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Showing posts from May, 2015

How I use herbs - Neem oil

I first discovered neem oil in 2012, and since then I have found more and more uses for it. Even though this isn’t actually a herb that I grow (yet!), but it’s a herbal product that I think you should know about, so I’m including it in this series on the herbs that I grow and use. My original post about neem oil is particularly popular at the moment and I thought it was time for an update. In that first post I had only tried neem oil in an insect repellent, but it turns out that there are many other ways to use neem. Here’s what I wrote last time about how neem works:
Unlike most chemical insecticides that kill by contact with the insect, neem oil works by disrupting the insects’ hormones, so they must ingest the neem oil to be affected. This means that it only affects insects that bite or chew, and is safe for bees and spiders (and, unfortunately, fruit flies), unless they become coated in the oil. As the neem oil affects the hormones, only small amounts are required for insectici…

What is real food?

I talk about real food and so do many other bloggers, and we probably all mean different things, so I wanted to share with you what I consider to be real food and how I got to eating this way.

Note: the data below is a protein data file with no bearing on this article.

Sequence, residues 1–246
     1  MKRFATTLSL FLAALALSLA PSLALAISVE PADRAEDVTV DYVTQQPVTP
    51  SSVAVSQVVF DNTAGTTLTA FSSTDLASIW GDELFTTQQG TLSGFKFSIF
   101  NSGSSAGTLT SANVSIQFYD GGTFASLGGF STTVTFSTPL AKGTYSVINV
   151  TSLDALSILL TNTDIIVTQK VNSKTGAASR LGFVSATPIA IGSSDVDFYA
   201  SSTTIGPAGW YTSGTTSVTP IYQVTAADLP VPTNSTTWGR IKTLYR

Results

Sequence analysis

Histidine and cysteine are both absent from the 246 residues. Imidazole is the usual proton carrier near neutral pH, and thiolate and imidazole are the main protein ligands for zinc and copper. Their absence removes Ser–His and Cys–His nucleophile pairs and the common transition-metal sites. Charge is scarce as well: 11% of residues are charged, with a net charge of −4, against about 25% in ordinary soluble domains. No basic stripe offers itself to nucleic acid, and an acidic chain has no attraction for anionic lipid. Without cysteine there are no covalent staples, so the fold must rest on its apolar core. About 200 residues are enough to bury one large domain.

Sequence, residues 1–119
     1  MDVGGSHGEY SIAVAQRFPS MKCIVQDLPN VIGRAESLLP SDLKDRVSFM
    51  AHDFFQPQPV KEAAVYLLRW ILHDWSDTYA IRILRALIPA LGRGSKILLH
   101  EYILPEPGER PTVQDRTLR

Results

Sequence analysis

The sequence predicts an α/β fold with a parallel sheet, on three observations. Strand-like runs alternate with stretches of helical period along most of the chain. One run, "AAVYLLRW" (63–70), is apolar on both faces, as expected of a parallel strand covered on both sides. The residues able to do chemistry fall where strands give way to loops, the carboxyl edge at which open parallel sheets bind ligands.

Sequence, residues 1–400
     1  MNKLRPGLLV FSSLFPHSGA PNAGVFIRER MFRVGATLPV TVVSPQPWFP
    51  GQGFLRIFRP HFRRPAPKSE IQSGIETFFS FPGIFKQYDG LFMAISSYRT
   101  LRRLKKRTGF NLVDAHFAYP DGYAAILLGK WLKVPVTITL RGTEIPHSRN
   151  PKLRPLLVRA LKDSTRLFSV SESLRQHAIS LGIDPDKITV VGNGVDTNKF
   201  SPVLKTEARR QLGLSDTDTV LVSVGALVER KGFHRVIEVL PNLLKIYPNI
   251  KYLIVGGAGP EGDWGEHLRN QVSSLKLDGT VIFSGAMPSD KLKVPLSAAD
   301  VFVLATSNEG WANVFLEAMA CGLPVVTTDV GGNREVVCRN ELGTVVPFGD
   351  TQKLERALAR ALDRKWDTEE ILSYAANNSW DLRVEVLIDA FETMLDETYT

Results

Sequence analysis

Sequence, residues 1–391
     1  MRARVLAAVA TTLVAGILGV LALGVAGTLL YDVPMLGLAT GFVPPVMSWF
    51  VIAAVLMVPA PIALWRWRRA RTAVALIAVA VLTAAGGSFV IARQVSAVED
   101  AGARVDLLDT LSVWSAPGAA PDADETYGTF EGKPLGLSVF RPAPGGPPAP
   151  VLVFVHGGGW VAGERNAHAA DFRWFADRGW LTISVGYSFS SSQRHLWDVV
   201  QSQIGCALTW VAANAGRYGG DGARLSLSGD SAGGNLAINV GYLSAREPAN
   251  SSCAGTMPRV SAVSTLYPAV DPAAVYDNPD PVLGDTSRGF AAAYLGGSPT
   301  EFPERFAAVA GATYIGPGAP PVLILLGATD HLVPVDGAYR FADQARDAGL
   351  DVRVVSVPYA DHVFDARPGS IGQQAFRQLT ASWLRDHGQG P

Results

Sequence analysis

When I was growing up, I was pretty lucky that my parents didn’t allow much junk food (didn’t feel lucky at the time of course!). We very rarely had takeaway, soft drink, or packaged foods and my mum cooked most meals from scratch. When I left home and started studying at university, I lived in the hostels (colleges) for the first year and we ate in a big food hall with thousands of people. They usually fed us rice, pasta, potato, bread rolls and a little veges and meat in a sweet sauce of some kind, followed by desert. It usually tasted awful and I filled up on the carb options so I didn't go hungry. After that first year, I went flatting (lived in a share house with other students) and we usually cooked from scratch mainly because we couldn’t afford to do anything else! I wouldn’t sa…

Removing asbestos from our secondhand house

One of the reasons that we were reluctant to buy another old house was asbestos. Unfortunately asbestos was a very common building material in Australia up until the mid 80s.